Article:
There is another effect which occurs. There is a phenomenon called Radiation Pressure. In any human experience, this pressure is so small that it can never be sensed or measured. But with the astounding amounts of energy created in the center of a star, this radiation pressure can be very strong. The effect is that this outward directed radiation pressure pushes outward on all the Hydrogen surrounding the area, and it makes more space available (by very slightly making the star a few feet larger in diameter). As this available space slightly increases, the inward directed gravitational collapse pressure gets a little less, which means the temperature can drop a little. This effect would them enable FEWER fusions to occur and so the star would start to slightly collapse!
EVERY star therefore has both of these effects, the fact that additional heat given off from the fusions tend to make the center of the star hotter to increase the rate of fusion, and also the effect of radiation pressure which has the opposite effect. This 0.1 solar mass star would have established a situation of stability, where the two exactly equal each other, which then causes the star to create a moderate amount of radiation, but extremely evenly, and for an unbelievably long period of time! It is possible to calculate how much of the Hydrogen gets used up by such 0.1 solar mass stars, and in the 5 billion years that we know our Sun has existed, such stars would have used up less than 1% of their Hydrogen! They will be able to continue producing energy (including light) for at least another 500 billion years!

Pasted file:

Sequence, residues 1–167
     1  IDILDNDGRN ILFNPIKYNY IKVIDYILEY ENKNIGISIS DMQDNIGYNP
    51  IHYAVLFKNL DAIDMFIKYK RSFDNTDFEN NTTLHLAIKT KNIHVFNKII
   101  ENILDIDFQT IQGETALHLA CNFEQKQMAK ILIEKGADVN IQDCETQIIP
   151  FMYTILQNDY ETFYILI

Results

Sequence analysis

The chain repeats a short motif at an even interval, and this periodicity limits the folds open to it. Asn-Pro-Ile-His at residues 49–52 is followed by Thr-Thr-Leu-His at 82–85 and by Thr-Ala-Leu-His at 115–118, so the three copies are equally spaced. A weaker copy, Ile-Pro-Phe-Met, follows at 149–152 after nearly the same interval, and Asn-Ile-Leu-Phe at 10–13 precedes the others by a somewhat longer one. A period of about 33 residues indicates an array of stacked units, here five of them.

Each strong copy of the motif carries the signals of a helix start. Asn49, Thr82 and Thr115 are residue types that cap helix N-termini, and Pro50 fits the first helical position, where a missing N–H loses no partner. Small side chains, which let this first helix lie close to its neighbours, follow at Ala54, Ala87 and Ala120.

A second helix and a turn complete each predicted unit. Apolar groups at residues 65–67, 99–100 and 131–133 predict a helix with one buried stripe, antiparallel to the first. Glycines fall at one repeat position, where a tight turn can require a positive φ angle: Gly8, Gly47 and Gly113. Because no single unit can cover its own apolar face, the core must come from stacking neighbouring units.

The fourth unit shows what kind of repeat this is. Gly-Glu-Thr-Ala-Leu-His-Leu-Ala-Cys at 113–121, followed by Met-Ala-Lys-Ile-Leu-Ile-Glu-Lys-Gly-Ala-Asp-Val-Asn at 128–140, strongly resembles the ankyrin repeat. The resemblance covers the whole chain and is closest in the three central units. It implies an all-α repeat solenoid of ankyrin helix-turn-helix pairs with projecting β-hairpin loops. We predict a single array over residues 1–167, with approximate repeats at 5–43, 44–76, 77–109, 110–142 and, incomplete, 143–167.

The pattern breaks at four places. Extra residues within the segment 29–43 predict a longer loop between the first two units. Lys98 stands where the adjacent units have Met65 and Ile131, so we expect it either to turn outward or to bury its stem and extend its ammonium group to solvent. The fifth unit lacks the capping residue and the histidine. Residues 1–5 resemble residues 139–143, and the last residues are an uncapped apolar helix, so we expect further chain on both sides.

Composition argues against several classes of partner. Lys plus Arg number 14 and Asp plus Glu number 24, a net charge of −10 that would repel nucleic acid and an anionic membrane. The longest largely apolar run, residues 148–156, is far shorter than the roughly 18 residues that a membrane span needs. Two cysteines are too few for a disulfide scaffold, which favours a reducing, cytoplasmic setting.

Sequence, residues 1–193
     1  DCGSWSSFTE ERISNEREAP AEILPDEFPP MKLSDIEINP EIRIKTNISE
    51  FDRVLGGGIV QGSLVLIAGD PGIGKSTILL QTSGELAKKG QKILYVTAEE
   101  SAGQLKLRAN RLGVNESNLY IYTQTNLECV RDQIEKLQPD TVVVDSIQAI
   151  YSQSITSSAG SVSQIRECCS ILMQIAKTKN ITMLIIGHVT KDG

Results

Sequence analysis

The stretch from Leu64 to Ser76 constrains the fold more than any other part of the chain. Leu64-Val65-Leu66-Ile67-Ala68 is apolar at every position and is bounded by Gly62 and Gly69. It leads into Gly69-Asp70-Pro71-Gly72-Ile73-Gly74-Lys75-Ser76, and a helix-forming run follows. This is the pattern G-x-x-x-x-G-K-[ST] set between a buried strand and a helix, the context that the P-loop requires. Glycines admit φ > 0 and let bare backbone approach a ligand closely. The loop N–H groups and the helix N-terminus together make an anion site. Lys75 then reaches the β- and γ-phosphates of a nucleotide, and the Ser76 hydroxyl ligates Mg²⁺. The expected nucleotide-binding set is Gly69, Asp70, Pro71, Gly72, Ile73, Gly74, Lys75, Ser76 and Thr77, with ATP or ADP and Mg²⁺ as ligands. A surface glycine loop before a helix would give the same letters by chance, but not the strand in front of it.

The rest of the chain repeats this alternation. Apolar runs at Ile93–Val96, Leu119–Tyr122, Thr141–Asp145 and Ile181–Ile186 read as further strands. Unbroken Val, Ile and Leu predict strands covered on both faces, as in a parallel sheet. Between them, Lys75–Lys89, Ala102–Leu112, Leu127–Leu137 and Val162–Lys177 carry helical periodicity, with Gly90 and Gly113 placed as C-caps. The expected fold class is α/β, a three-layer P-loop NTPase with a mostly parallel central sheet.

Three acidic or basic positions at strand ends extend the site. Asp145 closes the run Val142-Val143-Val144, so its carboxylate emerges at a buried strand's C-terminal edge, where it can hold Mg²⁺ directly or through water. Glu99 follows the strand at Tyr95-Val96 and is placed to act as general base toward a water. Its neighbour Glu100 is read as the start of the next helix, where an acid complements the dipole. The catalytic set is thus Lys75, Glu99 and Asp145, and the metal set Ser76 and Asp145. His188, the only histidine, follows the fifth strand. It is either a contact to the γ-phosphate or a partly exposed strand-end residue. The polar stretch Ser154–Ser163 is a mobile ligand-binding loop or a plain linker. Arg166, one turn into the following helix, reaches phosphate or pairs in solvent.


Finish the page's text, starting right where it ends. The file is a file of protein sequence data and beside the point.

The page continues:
Next, if we consider the Sun, a mass 1.0 solar mass star, we know that it has used up roughly half of its original Hydrogen in those 5 billion years. In another 5 billion years, it will run out of Hydrogen as a fuel source, and some interesting things may occur but it figures to then simply "go out" and gradually just cool off. After a while, the surface would get more orange and then red, and then (visibly) disappear, and eventually just be a dark ball of stuff! Note that the expected lifetime of the Sun if less than 1/100 that of a star that had 1/10 the mass. This is due to research done where hotter sources radiate energy far faster than you might first expect! If any source of radiation is doubled in (absolute) temperature then it radiates energy sixteen times as fast! This dependence is as the fourth power of the absolute temperature.